Why do so many people, including both former President Donald Trump and new President Joe Biden, keep talking about getting rid of an obscure law called Section 230?
The short answer is that Section 230, part of the Communications Decency Act of 1996, is the legal underpinning for one of the largest and most consequential experiments in American history.
Since the birth of Big Tech Media 15 years ago, our nearly 250-year-old republic has become a test case. Can a nation’s news and information infrastructure, the lifeblood of any democracy, be dependent on digital media technologies that allow a global free speech zone of unlimited audience size, combined with algorithmic (non-human) curation of massive volumes of disinformation that can be spread with unprecedented ease?
This experiment has been possible because Section 230 grants Big Tech Media immunity from responsibility for the mass content that is published and broadcast across their platforms. A mere 26 words in the bipartisan law were originally intended to protect “interactive computer services” from being sued over what their users post, just like telephone companies can’t be sued over any gossip told by Aunt Mabel to every busybody in town.
But as Facebook, Google, Twitter and other services scaled over time to an unimaginable size, the platforms’ lack of human editors has resulted in a gushing firehose of mis- and disinformation where scandals and conspiracies are prioritized over real news for mass distribution.
As the gripping videos and photos of a pro-Trump mob storming the Capitol make clear, this experiment has veered frighteningly off course. So, President Biden has called for ending Section 230 immunity in order to stop the Frankenstein’s monster this law helped create.
Facebook is no longer simply a “social networking” website — it is the largest media giant in the history of the world, a combination publisher and broadcaster, with approximately 2.6 billion regular users and billions more on the Facebook-owned WhatsApp and Instagram. One study found that 104 pieces of COVID-19 misinformation on Facebook were shared 1.7 million times and had 117 million views. That’s far more than the number of daily viewers on the Wall Street Journal, New York Times, USA Today, ABC News, Fox News, CNN and other major networks combined.
Traditional news organizations are subject to certain laws and regulations, including a degree of liability over what they broadcast. While there is much to criticize about mainstream media, at least they use humans to pick and choose what’s in and out of the news stream. That results in a degree of accountability, including legal liability.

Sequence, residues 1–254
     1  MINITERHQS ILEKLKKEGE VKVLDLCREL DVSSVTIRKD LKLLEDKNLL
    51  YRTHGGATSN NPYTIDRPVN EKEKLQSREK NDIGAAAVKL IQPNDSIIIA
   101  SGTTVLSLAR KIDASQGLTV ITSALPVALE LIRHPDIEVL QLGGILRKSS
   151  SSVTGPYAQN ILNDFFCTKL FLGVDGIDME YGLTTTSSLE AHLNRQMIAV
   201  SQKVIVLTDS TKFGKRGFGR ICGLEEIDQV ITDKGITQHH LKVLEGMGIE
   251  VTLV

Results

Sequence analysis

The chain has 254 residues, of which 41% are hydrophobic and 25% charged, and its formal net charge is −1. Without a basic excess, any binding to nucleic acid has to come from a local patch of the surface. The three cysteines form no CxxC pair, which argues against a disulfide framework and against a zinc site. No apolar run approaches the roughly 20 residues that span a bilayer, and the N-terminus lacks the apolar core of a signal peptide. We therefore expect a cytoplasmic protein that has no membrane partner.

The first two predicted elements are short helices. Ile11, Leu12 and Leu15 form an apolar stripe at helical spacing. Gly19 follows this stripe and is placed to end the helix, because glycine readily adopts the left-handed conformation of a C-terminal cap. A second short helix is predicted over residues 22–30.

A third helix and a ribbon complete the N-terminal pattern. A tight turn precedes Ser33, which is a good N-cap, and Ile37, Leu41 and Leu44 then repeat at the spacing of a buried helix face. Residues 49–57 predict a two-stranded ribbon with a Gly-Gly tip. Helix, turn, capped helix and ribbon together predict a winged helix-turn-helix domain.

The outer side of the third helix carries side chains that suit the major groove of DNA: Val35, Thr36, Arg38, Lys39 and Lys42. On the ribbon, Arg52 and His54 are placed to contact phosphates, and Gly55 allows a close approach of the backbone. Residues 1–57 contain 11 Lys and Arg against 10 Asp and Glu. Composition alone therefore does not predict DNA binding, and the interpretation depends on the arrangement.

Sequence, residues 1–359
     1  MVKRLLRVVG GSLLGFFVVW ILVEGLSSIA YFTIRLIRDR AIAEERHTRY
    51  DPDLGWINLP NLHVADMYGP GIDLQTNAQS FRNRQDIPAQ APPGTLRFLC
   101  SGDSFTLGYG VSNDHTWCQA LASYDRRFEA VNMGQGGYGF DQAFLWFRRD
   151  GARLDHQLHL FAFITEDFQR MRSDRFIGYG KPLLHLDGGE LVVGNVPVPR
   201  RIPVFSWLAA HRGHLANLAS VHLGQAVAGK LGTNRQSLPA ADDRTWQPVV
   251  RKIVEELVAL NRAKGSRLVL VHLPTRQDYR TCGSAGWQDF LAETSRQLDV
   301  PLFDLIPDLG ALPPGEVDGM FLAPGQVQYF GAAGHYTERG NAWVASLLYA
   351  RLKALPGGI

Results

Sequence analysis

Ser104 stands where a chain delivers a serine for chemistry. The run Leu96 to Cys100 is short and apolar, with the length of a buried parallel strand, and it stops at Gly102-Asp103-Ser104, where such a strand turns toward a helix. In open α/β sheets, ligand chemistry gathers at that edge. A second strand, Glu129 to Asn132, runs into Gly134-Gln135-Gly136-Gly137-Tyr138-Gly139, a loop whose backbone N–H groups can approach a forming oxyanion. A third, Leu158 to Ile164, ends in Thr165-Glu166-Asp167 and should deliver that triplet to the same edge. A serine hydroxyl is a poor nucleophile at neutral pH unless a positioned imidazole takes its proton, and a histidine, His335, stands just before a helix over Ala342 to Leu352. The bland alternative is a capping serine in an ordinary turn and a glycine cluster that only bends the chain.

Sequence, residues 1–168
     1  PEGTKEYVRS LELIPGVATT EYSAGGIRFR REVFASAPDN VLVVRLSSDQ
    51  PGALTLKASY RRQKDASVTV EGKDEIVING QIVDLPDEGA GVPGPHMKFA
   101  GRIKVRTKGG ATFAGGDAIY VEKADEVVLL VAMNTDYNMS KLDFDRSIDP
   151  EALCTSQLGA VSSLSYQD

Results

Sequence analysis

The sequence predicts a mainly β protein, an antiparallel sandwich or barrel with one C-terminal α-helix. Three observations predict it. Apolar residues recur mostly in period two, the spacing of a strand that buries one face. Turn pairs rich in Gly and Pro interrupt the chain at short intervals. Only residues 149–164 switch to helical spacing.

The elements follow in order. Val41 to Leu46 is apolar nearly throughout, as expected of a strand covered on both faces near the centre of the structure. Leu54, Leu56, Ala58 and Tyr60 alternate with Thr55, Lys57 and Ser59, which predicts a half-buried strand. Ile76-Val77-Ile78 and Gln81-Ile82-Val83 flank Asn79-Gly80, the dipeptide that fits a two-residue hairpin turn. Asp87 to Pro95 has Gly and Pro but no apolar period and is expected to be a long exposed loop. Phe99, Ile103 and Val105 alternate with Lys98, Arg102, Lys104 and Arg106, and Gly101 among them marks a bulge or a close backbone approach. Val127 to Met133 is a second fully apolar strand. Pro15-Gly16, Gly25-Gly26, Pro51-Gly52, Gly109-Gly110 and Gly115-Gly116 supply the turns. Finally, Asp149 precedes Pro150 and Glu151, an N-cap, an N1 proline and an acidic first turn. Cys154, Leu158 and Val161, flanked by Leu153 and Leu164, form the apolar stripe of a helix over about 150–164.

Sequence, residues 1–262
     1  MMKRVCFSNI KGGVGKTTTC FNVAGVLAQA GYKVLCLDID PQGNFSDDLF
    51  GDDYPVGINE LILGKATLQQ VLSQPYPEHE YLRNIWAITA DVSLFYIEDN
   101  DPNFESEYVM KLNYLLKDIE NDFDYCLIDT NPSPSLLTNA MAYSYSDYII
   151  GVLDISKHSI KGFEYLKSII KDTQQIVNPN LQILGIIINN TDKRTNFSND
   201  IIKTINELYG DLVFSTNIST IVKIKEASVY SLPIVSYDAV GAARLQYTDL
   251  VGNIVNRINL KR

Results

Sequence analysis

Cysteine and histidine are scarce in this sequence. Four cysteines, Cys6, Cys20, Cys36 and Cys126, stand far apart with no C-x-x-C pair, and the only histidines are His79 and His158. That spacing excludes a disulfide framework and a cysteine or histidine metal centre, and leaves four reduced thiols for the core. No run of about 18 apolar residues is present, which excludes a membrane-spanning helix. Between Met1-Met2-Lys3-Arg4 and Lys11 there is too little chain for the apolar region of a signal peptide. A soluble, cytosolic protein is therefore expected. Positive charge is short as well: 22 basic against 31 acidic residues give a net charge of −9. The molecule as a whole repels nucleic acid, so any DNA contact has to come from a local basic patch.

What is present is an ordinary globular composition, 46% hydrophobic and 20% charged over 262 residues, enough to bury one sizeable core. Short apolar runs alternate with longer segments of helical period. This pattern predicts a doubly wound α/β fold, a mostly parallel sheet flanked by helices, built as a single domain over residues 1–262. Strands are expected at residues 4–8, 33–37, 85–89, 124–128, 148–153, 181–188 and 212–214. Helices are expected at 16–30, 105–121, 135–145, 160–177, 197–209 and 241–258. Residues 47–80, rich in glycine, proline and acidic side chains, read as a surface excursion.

But Facebook-Google-Twitter’s robot algorithm curators are on automatic pilot, much like killer drones for which no human bears responsibility or liability.
Our government must impose a whole new business model on these corporations — just as the United States did, in years past, with telephone, railroad and power companies.
The government should treat these companies more like investor-owned utilities, which would be guided by a digital license that would define the rules and regulations of the business model (Mark Zuckerberg himself has suggested such an approach).
To begin with, such a license would require platforms to obtain users’ permission before collecting anyone’s personal data — i.e., opt-in rather than opt-out.
The new model also should encourage more competition by limiting the mega-scale audience size of these media machines. Smaller user pools could be accomplished either through an anti-trust breakup of the companies or through incentives to shift to a revenue model based more on monthly subscribers, like Netflix or cable TV, rather than on hyper-targeted advertising, which would cause a decline in users. The utility model also should restrain the use of specific engagement techniques, such as hyper-targeting of content, automated recommendations and addictive behavioral nudges (like autoplay and pop-up screens).
I believe we can retain what is good about the internet without the toxicities. It is crucial that regulation evolves in order to shape this new digital infrastructure — and the future of our societies — in the right way.
Steven Hill is the former policy director at the Center for Humane Technology.